|
Movies Books Music Food Tv Shows Technology Politics Video Games Parenting Fashion Green Living more >

Lunch » Tags » Books » Reviews » Fahrenheit 451 » User review

Fahrenheit 451 (book)

A novel by Ray Bradbury

< read all 46 reviews

A dystopian cautionary tale

  • Apr 11, 2010
  • by
Rating:
+4
Fahrenheit 451 is one of the most famous works of science fiction, and with "Brave New World" and "1984" represents one of the most memorable and haunting dystopias. In a future world, books are banned and firemen actually set fires instead of extinguishing them. The state exercises a form of social control through controlling what sort of information people have access to. It turns out that not all books are banned, only those that we would today consider "great works" - Plato, Shakespeare, The Bible, Darwin, etc. For me one of the biggest surprises about Fahrenheit 451 was the rationale that was offered for the burning of those books. In a nutshell, they offended politically correct sensibilities and the authorities felt that they would undermine the social cohesion. This expunging of the classics from the culture has an uncanny resonance with the attempts over past few decades to expunge them from the undergraduate liberal arts curriculum. And rationale is also similar: these books are not "diverse" enough and may offend the sensibilities of an ever-increasing list of "minorities." It is hard not to wonder if a milder, softer version of dystopian future that Bradbury was worried about in the early 1950s has not in fact arrived.

Bradbury's writing and ideas are somewhere between those of George Orwell and Philip K. Dick. His style is very engaging, and even poetic. His writing is at its best when one of his characters engages in a prolonged monolog. However, the plot development could use some improvement. There is very little in terms of transition from one scene to the next, and most scenes are overly compressed. It is very hard to follow the plot developments at times. Nonetheless, Bradbury is a wonderful stylist and unlike much of science fiction this book is a pleasure to read on a purely literally level as well as for its sweeping ideas.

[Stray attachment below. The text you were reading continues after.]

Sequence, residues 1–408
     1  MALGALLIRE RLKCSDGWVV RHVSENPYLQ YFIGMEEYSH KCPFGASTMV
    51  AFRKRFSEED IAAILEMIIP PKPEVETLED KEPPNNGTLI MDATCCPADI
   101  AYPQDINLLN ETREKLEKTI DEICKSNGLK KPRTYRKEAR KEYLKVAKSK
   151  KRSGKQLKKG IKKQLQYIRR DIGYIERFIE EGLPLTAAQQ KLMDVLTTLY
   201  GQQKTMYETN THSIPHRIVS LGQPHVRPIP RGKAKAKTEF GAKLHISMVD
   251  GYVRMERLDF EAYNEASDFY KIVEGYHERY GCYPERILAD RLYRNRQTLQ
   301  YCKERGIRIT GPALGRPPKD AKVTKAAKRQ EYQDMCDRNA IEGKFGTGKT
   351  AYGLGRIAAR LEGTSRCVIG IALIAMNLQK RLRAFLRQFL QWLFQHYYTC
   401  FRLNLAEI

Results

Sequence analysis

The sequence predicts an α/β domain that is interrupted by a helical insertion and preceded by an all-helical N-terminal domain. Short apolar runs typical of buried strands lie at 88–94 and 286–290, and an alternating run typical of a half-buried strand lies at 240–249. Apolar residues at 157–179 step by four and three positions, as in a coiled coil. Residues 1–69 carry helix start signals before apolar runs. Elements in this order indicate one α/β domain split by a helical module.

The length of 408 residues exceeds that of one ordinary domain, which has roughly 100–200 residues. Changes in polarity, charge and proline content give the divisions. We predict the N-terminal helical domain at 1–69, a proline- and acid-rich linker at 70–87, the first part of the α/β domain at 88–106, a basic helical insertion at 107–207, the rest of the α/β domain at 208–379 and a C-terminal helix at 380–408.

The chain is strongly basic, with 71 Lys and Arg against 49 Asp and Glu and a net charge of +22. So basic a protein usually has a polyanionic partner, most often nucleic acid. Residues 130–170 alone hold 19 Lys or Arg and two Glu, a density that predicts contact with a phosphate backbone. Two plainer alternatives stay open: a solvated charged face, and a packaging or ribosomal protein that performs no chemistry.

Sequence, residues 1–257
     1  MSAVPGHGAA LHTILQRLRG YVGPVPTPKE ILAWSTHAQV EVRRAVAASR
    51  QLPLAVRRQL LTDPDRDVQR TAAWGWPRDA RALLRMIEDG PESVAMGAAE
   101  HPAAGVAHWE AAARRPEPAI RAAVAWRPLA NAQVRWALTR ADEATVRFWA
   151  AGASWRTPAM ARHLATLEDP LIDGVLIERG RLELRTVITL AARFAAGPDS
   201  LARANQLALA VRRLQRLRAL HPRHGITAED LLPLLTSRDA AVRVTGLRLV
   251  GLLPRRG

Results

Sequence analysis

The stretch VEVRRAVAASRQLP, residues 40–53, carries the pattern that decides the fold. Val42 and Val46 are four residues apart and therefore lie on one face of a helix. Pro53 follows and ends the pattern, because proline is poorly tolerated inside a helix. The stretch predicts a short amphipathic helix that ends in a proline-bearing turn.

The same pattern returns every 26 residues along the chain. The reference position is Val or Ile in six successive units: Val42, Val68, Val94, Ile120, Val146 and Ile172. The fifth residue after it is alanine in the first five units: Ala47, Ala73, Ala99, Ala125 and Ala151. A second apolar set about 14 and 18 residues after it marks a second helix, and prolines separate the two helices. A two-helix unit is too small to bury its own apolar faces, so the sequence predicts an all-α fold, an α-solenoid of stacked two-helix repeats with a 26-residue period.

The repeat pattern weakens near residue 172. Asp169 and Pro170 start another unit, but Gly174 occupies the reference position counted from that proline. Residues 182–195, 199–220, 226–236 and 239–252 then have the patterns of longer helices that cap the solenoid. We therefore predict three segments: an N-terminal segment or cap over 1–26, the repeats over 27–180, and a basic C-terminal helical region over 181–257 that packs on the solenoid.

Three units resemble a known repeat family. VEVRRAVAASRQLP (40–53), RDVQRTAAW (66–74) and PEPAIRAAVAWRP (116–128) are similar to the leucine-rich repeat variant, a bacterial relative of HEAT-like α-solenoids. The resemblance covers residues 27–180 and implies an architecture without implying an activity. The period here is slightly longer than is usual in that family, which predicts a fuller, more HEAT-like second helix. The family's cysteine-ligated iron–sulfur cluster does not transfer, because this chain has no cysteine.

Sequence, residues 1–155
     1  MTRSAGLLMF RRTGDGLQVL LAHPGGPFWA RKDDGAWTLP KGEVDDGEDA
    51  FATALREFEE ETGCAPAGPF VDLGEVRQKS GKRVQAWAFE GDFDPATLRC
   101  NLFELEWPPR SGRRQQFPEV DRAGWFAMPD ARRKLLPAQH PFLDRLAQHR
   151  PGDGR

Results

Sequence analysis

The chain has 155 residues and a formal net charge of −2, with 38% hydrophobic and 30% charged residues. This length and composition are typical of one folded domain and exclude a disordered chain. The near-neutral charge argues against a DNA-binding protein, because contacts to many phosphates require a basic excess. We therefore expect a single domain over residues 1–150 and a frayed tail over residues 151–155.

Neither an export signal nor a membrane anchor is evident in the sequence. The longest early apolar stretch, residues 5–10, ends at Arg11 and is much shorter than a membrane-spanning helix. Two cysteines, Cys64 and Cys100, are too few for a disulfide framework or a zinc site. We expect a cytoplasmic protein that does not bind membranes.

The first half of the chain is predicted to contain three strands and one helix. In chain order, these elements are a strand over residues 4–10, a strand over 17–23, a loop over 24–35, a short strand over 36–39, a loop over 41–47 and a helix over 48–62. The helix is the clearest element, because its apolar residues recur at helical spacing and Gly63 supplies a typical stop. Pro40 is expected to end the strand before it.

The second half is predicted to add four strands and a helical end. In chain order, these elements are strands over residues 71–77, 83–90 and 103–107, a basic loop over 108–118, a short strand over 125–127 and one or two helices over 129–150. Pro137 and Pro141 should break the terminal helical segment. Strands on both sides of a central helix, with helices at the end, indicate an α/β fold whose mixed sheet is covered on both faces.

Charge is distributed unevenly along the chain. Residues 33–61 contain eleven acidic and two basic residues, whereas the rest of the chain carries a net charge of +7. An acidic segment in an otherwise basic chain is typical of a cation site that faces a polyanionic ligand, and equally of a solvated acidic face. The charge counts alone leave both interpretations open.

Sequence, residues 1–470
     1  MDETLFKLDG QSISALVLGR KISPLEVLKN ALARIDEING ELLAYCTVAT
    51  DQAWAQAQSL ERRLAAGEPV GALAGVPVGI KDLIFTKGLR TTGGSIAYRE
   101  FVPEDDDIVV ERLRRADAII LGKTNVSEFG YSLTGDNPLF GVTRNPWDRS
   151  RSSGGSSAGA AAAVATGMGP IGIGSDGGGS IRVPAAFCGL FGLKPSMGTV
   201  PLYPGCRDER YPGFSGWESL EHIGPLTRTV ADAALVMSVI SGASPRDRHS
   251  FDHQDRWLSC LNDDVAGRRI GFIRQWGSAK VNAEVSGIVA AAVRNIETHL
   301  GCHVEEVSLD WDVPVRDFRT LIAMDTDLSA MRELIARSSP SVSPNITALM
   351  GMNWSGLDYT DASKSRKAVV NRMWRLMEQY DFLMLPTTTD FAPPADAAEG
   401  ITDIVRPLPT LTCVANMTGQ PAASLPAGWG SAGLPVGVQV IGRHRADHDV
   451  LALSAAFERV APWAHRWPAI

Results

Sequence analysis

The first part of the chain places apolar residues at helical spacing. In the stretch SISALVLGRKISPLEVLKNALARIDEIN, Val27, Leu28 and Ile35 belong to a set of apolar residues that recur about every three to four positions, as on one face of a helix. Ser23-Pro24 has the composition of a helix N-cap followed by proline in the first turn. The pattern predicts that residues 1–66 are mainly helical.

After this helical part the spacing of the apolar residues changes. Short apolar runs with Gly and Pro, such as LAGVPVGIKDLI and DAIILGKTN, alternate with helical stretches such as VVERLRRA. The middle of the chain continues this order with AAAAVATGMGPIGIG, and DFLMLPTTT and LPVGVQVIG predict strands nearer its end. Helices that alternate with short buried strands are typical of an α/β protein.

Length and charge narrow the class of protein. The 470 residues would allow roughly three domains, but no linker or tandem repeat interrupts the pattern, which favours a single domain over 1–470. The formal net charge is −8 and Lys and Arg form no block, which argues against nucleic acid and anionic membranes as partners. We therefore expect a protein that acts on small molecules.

As a last note, I found it incredibly ironic that I read this book on Kindle. Based on this alone I am fairly optimistic that reading and great books will not only survive but in fact thrive well into the 21st century.

What did you think of this review?

Helpful
3
Thought-Provoking
3
Fun to Read
3
Well-Organized
3
Post a Comment
More Fahrenheit 451 reviews
review by . April 26, 2010
Fahrenheit 451: A Powerful and Thought-Provoting Novel
In 1966, Ray Bradbury wrote: "I find now, after the fact, chances are Fahrenheit 451 might be around for a few years." At that time the short novel, originally published in book form in 1953, had "been around" for 13 years. In 2003 it celebrated its 50th year in print, and now, in 2010, it is still as popular as ever. Why has this story had such longevity? Is it because Bradbury reversed a widely accepted premise--instead of putting out fires, future firemen start them? Is it …
review by . June 24, 2010
"We need not to be let alone. We need to be really bothered once in a while. How long is it since you were really bothered? About something important, about something real?" cries Montag in Ray Bradbury’s Fahrenheit 451. Montag, a fireman, is upset after having witnessed a woman who had chosen to die with her collection of books rather than leave them behind. In his world, however, firemen do not fight fires; they start them.      Bradbury’s 1953 science …